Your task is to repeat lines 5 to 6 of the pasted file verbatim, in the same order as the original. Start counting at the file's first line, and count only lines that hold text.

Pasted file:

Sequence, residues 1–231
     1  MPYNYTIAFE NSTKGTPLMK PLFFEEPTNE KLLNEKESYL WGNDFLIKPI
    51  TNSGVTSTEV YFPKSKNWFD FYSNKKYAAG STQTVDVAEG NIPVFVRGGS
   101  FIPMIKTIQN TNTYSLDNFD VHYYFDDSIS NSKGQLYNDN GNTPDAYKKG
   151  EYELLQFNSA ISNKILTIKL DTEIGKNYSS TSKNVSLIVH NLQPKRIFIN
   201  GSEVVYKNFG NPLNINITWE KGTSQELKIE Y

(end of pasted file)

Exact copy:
   151  EYELLQFNSA ISNKILTIKL DTEIGKNYSS TSKNVSLIVH NLQPKRIFIN
   201  GSEVVYKNFG NPLNINITWE KGTSQELKIE Y